(q) "partem", Pagninus, Montanus, Munster, Vatablus, Drusius, Junius & Tremellius, Piscator, &c.
and if the tree fall toward the south, or toward the north, in the place where the tree falleth, there it shall be; where the seed falls, and it grows up into a plant, and to a tree, there it continues, whether to the north or to the south; and so accordingly brings forth fruit, and such as it is men partake of it; to which purpose Jarchi, and who applies it to the disciple of a wise man, who is profitable in the place where he is, not only in life, but after death: or where the fruit of a tree fall, "there they are", so Aben Ezra reads the last clause in the plural number; that is, there are persons enough to gather the fruit; and so where a rich man is, there are poor enough about him to partake of his bounty: or as when a tree is cut down, let it fall where it will, there it abides, and is no more fruitful; so when a man is cut off by death, as he was then, so he remains; if a gracious and good man, and has done good, he is like a tree that falls to the south, he enters into the paradise of God, the joys of heaven; and if not a good man, and has not done good, he is like a tree that falls to the north, he goes into a state of darkness, misery, and distress; see Revelation 22:11; or however, be this as it will, he is no more useful in this world; and therefore it becomes men to do all the good they can in health and life, for there is none to be done in the grave where they are going: or else the sense is, that as when a tree falls, whether it be to the south or to the north, it matters not to the owner, there it lies, and is of the same advantage to him; so an act of beneficence, let it be done to what object soever, a worthy or an unworthy one, yet being done with a view to the glory of God and the good of men, it shall not lose its reward: and so this is an answer to the objection of some against giving, because they do not know whether the object proposed is deserving: though some think the same thing is intended by these metaphorical expressions, as is suggested in the latter part of Ecclesiastes 11:2, that evils or calamities may come upon men like heavy showers of rain, which wash away things; or like storms and tempests of rain, thunder and lightning, which break down trees, and cause them to fall to the north or to the south; and thus in like manner by one judgment or another men may be stripped of all their substance, and therefore it is right to make use of it while they have it.
and he that regardeth the clouds shall not reap; which are uncertain signs of weather; and if a man gives heed to them, and puts off his sowing from time to time, for the sake of better weather, as he may never sow, so it is impossible that he should reap; and if he sows, and when his grain is ripe and forbears to reap because of the clouds, lest his grain should be wet, may never reap at all: and so it is with respect to liberality; if a man will raise difficulties, and make objections, and attend unto them; if he puts off giving till such an affliction is removed from him and his family, or that is grown up; or such an estate is obtained, or he has got to such an amount of riches, or till more proper and deserving objects present, with twenty things more of the like kind; if he defers giving on such accounts, or through fear of want, which may possess his mind for various reasons, he may never give nor get, yea, never do any good work; for, if nothing is done till all difficulties are removed, no good thing will ever be done.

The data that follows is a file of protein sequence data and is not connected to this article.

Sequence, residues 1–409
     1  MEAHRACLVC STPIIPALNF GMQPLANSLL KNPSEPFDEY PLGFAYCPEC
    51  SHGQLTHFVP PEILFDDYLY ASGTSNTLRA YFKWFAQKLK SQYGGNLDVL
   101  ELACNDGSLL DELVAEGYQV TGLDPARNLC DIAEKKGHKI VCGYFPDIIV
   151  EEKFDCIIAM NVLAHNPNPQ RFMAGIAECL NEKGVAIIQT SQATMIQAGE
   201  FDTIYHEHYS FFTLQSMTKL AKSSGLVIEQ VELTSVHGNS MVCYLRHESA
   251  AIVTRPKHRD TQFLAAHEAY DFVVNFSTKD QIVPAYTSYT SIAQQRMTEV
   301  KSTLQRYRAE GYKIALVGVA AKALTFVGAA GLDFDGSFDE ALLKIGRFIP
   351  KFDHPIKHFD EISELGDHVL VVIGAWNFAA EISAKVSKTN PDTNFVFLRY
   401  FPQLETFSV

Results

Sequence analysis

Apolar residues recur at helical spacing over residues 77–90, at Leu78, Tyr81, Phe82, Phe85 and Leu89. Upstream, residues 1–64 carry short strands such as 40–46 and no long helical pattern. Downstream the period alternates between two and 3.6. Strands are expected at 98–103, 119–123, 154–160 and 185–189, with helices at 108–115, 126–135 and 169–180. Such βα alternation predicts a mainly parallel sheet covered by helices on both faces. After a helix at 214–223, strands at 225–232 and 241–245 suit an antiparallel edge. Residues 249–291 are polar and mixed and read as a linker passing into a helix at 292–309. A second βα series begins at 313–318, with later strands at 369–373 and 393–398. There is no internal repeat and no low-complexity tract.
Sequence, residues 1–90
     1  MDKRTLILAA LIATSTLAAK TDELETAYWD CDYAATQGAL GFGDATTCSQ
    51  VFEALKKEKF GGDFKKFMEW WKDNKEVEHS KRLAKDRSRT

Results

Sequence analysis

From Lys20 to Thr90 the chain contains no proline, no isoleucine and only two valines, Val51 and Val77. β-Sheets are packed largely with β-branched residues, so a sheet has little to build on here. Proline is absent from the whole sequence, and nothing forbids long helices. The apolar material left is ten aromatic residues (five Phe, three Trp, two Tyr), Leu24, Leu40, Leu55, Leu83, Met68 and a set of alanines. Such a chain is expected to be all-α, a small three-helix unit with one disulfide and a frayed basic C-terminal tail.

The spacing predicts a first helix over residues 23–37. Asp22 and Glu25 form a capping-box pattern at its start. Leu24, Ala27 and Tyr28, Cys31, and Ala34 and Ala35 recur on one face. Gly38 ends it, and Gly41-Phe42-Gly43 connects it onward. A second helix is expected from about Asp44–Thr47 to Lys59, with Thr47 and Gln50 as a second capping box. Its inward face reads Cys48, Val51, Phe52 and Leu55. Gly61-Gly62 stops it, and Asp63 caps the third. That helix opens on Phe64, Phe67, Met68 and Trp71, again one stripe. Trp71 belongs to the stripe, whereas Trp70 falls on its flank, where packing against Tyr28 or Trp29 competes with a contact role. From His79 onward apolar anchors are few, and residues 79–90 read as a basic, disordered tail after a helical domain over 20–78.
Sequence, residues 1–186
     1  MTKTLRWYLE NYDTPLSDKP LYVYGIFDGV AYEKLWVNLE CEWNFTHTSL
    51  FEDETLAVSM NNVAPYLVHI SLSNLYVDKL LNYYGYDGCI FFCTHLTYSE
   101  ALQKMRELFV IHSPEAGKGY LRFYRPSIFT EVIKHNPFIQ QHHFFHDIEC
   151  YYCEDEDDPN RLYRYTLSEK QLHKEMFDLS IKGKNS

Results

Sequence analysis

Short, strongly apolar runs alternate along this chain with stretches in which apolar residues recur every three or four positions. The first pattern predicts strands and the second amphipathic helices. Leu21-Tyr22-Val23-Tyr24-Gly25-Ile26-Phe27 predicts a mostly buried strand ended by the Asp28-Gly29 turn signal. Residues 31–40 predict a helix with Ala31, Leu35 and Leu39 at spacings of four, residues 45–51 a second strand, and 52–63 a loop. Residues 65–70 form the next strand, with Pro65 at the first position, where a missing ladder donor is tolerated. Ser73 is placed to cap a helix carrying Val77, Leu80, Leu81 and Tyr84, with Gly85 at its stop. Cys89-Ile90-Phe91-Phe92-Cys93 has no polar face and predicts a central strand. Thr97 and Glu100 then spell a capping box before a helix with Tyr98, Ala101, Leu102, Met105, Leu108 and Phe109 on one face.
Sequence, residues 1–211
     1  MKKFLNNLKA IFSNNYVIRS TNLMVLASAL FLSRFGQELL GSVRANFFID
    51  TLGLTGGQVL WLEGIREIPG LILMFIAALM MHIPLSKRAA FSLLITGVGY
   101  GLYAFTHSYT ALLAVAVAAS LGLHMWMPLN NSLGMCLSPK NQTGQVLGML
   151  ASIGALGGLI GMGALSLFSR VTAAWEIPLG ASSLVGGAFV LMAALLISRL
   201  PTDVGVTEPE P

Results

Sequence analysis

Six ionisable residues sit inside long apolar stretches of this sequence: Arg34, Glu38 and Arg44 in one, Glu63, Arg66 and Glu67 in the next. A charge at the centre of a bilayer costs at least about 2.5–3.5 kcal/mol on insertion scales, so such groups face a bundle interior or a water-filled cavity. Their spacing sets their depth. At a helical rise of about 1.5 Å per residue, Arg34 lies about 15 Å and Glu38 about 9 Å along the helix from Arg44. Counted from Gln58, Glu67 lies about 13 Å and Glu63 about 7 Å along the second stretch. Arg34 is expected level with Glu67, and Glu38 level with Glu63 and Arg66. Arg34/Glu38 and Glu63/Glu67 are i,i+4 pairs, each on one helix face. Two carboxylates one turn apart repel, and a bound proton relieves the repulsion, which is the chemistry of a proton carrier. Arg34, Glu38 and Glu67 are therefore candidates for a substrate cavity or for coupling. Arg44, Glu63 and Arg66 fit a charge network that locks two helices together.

"how the spirit of the breath of life goes into the body of an infant:''
whether it is by traduction, as some, which is not likely; or by transfusion, or by creation out of nothing, or by formation out of something pre-existent, and by an immediate infusion of it: or, "what is the way of the breath"; of the breath of a child in the womb, whether it breathes or not; if it does, how? if not, how does it live? or what is the way of the soul out of the body, how it goes out of it when the body dies;
nor how the bones do grow in the womb of her that is with child; or is "full", pregnant, big with child: or "in the womb that is full" (s); full of liquids, and yet bones are separated from them, grow out of them, and in them, and are hardened; all which how it should be is unknown: "bones" are mentioned because they are the more solid and substantial parts of the body, the basis and strength of it; and because it may seem more difficult how any part of the seed should harden into them, while other parts are converted into skin and flesh;
even so thou knowest not the works of God, who maketh all; the Targum adds, in wisdom; as men are ignorant of many of the works of nature, so of those of Providence, especially which are future; as whether men shall be rich or poor, have days of prosperity or adversity; what their latter end will be, whether they shall not stand in need of the assistance of others, it may be of them or theirs to whom they now give; or what will be the issue of present acts of beneficence and liberality; these, with many other things of the like kind, should be left with God. Some understand this of the work of grace and conversion, which is a secret and difficult work, only wrought by the power and grace of God; and may be begun, or shortly will, in a poor person, judged an unworthy object of charity for supposed want of it, a thing unknown.